this already so stop reading.
There is often much misspeak about these. The full qualified hostname
is often called a domain name, for example when only the last part is
really the domain name. Plus, the term hostname is used to refer to
both/either the single machine part of the name such as 'mypc' above
and the fully qualified hostname 'mypc.concern.com' as above. This
leads to much confusion and I wish we had better names. But, that is
the way it is.
The domain name 'concern.com' must be registered with the service
handling .com. Then whoever owns the 'concern.com' domain allows or
directs hostnames to use it. If you registered the domain name, then
When the 'concern.com' domain name is registered, you have to tell the
service what DNS server will be providing DNS service for that domain.
It may be you if you registered the domain name and have a DNS server
or it might be some other system, such as one run by your ISP or another
company that runs DNS servers for hire. Whenever you create a host
that resides in the domain, such as 'mypc' in 'mypc.concern.com' an entry
must be made in whatever DNS server that is handling the 'concern.com'
domain. That is required before it will do correct translation.
The physical machine that is mypc on the concern.com domain may answer
to lots of host names and even lots of IPs. There are two parts to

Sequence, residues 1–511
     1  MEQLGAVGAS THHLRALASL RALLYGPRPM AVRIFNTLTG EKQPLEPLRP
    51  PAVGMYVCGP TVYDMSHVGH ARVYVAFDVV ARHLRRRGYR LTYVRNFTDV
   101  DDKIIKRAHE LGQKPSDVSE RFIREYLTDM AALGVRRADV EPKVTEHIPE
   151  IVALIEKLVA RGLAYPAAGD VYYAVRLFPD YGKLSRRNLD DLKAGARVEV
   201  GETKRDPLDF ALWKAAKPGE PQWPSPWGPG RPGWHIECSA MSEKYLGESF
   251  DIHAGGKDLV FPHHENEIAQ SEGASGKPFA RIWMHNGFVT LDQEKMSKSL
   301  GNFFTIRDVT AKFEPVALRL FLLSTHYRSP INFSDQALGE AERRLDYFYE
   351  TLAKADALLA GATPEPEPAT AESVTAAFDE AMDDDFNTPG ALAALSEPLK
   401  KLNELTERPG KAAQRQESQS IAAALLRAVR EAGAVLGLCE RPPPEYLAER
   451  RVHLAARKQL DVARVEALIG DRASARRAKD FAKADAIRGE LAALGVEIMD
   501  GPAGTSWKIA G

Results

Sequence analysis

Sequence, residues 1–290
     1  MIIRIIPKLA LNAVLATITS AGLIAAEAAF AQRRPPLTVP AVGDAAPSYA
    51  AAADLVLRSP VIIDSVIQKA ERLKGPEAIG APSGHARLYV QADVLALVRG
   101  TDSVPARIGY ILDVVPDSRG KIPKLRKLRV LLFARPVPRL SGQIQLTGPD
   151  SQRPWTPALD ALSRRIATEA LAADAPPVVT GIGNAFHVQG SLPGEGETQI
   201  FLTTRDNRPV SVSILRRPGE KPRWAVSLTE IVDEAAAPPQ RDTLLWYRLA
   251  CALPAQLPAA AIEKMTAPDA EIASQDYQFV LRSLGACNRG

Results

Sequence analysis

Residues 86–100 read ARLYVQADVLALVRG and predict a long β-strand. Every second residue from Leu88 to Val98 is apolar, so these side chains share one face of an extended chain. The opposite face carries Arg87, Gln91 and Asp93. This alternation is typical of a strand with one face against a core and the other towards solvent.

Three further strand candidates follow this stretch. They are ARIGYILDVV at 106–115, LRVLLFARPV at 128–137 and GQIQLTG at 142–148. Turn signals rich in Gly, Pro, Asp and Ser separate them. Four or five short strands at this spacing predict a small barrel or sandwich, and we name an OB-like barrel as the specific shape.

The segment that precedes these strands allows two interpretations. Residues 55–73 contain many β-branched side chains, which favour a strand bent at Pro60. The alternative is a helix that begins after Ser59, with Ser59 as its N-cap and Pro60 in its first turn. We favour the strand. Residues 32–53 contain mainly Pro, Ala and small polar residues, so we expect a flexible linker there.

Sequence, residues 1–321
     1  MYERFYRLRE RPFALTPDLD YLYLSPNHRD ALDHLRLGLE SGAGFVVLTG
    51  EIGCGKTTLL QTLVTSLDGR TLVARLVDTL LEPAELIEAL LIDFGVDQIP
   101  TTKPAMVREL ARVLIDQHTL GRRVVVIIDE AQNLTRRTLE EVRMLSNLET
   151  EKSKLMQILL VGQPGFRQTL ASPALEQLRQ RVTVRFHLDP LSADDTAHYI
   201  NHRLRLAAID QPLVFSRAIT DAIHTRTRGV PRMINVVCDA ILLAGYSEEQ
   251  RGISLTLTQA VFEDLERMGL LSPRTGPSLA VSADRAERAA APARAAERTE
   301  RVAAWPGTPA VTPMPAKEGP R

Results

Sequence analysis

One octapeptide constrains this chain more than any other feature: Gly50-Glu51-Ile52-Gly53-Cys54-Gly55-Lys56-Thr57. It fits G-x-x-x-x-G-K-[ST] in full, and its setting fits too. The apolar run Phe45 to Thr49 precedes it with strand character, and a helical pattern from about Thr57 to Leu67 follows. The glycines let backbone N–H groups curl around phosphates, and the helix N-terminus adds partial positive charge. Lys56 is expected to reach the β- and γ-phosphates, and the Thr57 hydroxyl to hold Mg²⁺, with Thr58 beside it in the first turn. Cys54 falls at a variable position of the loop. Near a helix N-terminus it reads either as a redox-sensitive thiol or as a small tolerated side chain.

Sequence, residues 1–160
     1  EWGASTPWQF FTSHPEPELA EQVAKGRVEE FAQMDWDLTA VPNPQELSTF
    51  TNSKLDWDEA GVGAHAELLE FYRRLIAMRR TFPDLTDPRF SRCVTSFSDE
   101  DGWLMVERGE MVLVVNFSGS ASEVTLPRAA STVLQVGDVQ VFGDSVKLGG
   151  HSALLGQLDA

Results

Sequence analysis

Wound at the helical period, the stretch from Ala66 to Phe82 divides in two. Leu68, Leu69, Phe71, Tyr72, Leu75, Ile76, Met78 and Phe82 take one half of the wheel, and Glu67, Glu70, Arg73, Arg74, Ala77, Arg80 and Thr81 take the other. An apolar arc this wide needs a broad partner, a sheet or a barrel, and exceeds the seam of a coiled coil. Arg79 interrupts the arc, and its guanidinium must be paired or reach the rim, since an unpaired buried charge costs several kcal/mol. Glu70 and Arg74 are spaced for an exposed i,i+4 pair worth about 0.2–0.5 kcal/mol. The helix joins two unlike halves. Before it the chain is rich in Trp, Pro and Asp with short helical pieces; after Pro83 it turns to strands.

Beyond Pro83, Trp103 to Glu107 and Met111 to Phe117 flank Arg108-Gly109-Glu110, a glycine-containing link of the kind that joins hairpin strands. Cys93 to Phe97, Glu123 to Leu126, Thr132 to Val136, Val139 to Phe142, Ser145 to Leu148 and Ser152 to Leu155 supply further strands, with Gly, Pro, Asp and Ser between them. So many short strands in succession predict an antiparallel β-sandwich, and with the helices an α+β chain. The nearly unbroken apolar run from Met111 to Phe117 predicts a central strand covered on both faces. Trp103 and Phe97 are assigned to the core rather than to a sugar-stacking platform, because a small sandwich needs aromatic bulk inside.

making this happen.
The 'mypc' machine must be set up to respond to all those host names
besides its own name. If it involves additional IP address (an alias)
it is done in a rc.conf ifconfig alias statement (or we actually put those
in a rc.conf.local file and add an include just to keep things a little
more clean and clear), and/or in the software that is expected to respond
to it, such as Apache. If it is only a different hostname, it can be
done only by configuring the software that responds to it. For Apache,
for example, you configure it in either httpd.conf or better in
virtualhosts.conf (and make sure httpd.conf has an entry to include
virtualhosts.conf) to listen to particular IPs and/or hostnames and tell
it which web pages to go looking for for each different one. Something
similar can be done for Email servers and other pieces of software.
The other part to making it respond to multiple hostnames and/or IPs is
making sure the DNS server has the proper entries to translate addresses.
I am not sure if there is some logic for the secondary addresses/names
being called aliases or virtual hosts or not. Apache calls them
virtual hosts and Email servers seem to call them aliases as does
the boot up configuration (rc.conf, etc).
As someone has mentioned, if you are not on the internet, much of this
does not matter. You can enter almost anything when it asks for
hostname and claim any IP you want. You can set up your own DNS server
and make it all work any which way you choose.
This is quite general. From this overall view, the rest is up to you to
study documentation to understand. There are many subtleties admins add.
> Marty Landman Face 2 Interface Inc 845-679-9387